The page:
It doesn’t matter how conscious you are of how you sit, because after some time, your body will slouch. An office chair that is not built with ergonomics in mind can force you to sit in a poor position, resulting in unwanted pain in the back and slowing down your recovery from spondylolisthesis.
3. Wear a Back Brace to Support Your Spine
According to Spine Universe, it can be difficult for your spine to provide proper support because the vertebrae are out of alignment when one is suffering from spondylolisthesis. This causes your muscles to work overtime, which leads to pain and fatigue. One way to support your back is to wear a back brace.
Doctors may recommend a back brace as part of a non-surgical treatment because it can take some of the pressure away from the spinal column. The objective is to give you some pain relief as the back brace compresses your abdomen, while keeping your spine safe as it tries to recover from the fracture.
We’ve found one product made by a company who specializes in back braces designed to help with spondylolisthesis on Amazon called BraceAbility. They come in six different sizes to accommodate both men and women. Not only does it protect the spine well, it’s very lightweight and breathable too.
4. Do Physical Therapy Consistently
After a complete examination and evaluation, your physical therapist should provide you with a personalized home exercise program, which include targeted exercises to strengthen your abdomen (belly) and back, and to decrease pain due to spondylolisthesis. Daily exercises often relieve pain after a few weeks.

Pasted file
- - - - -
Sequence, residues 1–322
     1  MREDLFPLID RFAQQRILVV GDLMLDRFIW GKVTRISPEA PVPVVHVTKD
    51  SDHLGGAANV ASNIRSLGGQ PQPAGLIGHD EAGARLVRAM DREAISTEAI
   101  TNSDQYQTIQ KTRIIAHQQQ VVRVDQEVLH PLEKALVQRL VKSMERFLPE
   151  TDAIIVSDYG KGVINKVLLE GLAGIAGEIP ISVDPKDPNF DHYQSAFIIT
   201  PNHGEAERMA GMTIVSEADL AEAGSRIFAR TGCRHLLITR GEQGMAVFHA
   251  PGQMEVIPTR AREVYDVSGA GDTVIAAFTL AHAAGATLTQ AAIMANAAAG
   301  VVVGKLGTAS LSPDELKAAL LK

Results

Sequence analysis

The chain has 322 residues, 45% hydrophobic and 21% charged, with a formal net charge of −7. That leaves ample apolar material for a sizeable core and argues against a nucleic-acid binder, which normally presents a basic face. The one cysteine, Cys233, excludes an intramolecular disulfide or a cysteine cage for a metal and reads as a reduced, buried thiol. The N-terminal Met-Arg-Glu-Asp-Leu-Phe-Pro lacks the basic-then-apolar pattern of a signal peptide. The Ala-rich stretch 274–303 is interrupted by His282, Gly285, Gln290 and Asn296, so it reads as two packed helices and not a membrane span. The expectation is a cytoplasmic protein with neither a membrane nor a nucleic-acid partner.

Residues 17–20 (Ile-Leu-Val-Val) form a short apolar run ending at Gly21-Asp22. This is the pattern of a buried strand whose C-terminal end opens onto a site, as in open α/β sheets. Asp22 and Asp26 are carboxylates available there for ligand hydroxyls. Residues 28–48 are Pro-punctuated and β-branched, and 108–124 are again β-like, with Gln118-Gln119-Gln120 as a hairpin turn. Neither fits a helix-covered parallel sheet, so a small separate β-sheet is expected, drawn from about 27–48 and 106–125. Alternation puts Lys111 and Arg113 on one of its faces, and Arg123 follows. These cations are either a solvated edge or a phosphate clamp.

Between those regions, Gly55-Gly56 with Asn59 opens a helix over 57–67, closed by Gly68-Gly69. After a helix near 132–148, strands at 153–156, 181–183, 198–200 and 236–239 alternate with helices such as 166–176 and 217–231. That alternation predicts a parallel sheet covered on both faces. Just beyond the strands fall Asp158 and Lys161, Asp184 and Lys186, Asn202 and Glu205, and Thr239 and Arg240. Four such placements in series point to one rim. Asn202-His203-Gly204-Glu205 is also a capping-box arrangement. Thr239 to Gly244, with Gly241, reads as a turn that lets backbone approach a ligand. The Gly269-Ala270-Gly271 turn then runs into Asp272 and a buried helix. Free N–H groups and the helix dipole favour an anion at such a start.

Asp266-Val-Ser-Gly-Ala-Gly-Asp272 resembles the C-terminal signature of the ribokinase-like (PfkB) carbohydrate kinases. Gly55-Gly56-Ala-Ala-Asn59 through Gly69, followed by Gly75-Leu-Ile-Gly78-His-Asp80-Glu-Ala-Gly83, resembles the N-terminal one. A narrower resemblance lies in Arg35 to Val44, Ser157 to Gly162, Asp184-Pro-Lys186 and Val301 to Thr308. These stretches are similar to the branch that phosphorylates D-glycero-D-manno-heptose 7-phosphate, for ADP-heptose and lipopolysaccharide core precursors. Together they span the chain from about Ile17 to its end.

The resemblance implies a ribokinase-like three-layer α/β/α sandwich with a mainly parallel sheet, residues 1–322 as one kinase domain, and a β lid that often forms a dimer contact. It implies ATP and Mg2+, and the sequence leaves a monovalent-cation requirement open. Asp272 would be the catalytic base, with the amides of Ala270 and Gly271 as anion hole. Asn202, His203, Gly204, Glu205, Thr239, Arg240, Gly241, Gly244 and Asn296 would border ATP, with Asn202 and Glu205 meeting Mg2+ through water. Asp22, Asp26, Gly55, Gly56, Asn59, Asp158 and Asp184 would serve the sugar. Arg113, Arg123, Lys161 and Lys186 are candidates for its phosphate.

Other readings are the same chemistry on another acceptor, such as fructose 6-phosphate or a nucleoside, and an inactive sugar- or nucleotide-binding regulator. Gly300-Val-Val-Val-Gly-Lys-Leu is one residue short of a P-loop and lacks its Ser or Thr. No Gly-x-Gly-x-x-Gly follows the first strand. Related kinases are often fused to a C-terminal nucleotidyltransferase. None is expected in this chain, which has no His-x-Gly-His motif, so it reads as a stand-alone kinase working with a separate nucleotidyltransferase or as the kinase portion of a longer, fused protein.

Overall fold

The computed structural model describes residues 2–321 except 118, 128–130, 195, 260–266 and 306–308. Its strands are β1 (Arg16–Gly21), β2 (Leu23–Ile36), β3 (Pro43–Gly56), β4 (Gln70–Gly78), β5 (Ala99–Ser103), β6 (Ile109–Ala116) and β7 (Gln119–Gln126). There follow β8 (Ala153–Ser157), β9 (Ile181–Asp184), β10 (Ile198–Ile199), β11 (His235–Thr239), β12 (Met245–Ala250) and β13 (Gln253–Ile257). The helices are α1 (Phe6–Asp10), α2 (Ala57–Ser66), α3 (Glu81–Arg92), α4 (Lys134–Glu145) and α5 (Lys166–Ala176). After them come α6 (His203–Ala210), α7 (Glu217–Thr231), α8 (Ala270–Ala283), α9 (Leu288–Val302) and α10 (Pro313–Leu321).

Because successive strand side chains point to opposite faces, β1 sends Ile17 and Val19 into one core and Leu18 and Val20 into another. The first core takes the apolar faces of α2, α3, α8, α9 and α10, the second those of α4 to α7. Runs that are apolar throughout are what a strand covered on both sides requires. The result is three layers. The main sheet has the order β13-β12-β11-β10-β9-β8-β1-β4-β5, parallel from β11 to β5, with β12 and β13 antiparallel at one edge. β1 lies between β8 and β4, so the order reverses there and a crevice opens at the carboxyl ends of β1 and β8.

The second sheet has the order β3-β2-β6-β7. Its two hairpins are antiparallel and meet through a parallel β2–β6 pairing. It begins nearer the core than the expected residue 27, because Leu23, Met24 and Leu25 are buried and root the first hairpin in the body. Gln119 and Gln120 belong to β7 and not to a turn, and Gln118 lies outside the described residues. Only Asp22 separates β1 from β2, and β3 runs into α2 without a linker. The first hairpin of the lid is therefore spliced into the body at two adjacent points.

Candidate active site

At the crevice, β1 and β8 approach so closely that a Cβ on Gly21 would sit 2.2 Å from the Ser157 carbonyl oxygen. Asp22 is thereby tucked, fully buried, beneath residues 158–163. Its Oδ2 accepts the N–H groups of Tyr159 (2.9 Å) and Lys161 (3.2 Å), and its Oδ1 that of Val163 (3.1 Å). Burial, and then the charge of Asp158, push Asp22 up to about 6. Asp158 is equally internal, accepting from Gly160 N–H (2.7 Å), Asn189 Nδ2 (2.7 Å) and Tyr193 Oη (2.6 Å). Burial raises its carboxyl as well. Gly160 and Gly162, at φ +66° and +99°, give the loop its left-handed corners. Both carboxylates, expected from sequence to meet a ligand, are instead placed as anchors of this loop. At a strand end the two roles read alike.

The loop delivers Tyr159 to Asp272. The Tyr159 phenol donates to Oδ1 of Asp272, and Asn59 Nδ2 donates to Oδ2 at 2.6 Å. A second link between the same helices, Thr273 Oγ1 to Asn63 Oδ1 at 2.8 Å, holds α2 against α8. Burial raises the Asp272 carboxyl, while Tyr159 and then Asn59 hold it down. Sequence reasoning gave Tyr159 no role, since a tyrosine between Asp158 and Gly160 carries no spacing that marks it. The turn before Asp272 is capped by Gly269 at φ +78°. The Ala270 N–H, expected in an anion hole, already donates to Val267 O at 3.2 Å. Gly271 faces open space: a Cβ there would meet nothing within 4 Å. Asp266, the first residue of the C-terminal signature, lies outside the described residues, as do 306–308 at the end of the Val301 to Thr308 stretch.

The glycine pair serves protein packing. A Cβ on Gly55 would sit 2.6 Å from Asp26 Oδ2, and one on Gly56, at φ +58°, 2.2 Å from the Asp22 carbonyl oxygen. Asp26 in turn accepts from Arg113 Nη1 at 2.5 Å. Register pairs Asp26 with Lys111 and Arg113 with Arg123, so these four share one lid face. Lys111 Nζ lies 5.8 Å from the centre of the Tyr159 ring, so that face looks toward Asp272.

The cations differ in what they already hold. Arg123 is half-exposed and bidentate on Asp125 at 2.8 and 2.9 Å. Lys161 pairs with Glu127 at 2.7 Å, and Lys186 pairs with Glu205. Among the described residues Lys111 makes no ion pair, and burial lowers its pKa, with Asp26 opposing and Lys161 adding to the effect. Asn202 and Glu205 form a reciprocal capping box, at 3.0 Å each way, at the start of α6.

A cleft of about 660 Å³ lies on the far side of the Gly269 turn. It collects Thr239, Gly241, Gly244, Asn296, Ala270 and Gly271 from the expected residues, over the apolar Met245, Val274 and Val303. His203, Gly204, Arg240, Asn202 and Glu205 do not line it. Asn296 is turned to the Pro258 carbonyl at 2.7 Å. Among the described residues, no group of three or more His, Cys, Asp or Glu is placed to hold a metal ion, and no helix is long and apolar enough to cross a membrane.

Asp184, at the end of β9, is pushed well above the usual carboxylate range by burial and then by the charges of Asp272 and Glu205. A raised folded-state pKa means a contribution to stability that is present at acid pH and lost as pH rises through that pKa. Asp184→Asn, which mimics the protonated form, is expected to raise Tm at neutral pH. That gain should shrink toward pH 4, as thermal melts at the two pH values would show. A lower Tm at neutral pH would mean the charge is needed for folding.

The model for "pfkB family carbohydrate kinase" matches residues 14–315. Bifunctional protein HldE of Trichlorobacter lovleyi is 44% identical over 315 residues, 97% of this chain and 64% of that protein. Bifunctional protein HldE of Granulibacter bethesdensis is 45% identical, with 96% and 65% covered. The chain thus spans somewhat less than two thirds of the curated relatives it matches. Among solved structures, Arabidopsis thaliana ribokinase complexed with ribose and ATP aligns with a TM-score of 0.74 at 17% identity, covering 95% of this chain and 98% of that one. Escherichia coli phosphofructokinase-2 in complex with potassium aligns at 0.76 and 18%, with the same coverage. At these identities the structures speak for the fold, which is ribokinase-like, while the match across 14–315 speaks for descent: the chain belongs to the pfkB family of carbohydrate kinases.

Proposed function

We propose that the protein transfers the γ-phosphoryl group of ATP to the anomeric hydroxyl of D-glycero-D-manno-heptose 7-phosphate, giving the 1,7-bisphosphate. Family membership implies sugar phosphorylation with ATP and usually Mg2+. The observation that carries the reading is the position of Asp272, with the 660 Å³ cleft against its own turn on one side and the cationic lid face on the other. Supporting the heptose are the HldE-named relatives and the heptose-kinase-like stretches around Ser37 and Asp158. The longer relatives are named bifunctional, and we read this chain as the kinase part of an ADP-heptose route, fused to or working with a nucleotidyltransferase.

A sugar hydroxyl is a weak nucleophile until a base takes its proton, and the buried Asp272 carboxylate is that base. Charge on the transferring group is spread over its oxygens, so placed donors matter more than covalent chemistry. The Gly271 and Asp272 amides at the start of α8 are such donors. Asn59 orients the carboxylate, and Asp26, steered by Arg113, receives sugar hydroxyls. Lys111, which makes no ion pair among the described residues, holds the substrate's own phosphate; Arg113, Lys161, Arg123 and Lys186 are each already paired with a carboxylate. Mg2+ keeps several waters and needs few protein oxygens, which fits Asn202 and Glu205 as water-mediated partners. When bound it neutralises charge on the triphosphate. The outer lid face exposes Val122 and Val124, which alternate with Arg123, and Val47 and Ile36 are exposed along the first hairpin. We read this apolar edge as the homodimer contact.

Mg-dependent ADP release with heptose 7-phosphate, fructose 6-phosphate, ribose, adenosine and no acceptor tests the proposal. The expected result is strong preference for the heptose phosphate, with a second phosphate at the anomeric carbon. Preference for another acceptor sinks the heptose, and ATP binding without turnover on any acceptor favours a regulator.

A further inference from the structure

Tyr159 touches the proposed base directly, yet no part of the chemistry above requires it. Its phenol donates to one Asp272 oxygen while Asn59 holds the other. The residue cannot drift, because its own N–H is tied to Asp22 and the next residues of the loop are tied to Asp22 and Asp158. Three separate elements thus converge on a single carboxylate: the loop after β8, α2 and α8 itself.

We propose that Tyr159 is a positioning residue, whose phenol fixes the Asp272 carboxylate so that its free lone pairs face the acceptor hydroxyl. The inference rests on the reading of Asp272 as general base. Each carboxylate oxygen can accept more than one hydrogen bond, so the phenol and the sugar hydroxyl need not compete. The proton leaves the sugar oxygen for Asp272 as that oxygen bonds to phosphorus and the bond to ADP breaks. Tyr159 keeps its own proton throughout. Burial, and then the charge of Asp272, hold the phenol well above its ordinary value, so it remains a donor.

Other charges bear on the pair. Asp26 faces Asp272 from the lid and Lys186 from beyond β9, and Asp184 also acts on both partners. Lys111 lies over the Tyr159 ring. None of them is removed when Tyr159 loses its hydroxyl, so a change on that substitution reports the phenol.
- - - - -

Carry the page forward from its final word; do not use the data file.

According to Healthline, the exercises mainly consists of lumbar flexion exercises, core stabilization exercises, and exercises or stretches for the muscles of the back, hamstrings, and hips. Low-impact exercise such as cycling or swimming is also recommended to promote healing and decrease pain.
It’s important to be diligent with physical therapy and do the exercises consistently. Doing so could speed up your recovery and prevent reinjury in the long run.
Eating a well-balanced diet can help to keep your bones well-nourished and strong. Remember that excess weight puts added stress on your whole body as well as your lower back. Even though it can be hard, it is important to maintain a healthy weight.
And there you have it, a simple guide on how to sit with spondylolisthesis. Start by investing in a chair that supports the lower back, then employ the correct way of sitting. You can try a back brace for additional support, it may be helpful. If the pain persists, talk to your healthcare provider about ways to manage your pain.